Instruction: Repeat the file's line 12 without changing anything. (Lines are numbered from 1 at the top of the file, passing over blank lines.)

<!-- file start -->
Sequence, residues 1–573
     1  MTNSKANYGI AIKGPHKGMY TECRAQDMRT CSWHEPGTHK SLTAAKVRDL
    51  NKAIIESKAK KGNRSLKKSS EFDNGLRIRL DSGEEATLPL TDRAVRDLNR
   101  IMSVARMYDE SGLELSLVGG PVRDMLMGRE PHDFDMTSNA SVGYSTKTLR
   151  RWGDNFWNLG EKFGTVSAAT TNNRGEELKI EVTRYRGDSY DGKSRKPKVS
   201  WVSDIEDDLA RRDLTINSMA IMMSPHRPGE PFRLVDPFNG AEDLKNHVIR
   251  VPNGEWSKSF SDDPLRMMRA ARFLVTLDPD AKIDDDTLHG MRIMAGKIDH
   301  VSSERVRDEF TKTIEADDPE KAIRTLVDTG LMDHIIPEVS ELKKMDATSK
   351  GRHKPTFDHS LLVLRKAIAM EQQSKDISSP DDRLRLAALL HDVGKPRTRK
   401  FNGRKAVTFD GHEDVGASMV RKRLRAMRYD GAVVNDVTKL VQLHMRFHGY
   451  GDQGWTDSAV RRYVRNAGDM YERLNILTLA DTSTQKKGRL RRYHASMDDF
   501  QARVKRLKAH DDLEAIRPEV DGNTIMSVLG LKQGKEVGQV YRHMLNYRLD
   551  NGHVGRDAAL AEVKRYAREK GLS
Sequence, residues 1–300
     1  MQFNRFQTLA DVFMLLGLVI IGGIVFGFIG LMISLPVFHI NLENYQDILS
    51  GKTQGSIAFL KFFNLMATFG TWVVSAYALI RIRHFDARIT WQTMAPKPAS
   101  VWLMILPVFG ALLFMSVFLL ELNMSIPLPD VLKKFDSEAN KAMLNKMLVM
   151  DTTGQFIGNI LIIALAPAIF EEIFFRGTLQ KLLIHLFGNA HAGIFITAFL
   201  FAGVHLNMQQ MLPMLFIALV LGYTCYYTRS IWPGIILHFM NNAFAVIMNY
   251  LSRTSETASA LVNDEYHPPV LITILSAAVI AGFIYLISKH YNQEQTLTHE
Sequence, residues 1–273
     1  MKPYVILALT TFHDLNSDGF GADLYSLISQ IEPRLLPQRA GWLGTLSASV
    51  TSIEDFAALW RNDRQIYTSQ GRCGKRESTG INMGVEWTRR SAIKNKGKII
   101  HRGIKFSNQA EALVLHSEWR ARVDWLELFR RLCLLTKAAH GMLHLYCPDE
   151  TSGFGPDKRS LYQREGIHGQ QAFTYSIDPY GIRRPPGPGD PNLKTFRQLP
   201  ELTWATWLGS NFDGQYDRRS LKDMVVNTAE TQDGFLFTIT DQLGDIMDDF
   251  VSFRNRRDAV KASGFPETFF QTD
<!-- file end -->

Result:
   501  QARVKRLKAH DDLEAIRPEV DGNTIMSVLG LKQGKEVGQV YRHMLNYRLD